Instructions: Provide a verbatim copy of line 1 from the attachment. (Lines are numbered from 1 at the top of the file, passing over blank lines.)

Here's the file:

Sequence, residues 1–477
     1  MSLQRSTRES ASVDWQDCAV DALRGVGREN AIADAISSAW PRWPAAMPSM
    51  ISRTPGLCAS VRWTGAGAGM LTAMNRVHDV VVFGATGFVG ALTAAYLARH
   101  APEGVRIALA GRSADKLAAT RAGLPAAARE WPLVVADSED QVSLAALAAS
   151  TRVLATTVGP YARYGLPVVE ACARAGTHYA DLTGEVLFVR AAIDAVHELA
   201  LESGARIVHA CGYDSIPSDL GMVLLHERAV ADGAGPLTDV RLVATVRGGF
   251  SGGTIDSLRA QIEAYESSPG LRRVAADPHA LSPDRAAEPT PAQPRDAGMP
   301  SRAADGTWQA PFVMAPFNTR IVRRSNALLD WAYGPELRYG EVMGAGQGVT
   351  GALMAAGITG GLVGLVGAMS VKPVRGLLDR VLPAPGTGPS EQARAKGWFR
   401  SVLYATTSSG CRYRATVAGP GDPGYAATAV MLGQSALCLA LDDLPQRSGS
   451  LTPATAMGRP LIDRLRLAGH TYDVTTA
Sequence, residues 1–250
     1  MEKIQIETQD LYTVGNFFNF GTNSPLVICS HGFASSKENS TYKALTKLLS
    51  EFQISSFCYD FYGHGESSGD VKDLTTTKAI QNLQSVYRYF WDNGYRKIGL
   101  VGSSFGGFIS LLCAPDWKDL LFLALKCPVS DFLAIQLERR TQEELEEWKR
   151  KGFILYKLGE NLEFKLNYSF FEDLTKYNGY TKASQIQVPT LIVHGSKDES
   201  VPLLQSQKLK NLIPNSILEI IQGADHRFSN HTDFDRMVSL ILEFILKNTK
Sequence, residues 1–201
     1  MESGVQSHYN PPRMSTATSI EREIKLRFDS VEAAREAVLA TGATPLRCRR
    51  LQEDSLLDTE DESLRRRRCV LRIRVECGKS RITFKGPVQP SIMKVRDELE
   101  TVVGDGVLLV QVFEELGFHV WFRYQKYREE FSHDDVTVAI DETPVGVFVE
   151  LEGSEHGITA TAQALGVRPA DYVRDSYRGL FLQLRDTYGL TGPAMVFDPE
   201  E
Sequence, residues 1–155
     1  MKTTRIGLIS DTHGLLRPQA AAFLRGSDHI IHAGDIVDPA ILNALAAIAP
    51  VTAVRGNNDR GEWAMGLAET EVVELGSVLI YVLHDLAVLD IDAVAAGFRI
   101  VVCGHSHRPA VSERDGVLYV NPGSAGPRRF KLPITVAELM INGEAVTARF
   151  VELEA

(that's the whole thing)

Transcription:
Sequence, residues 1–477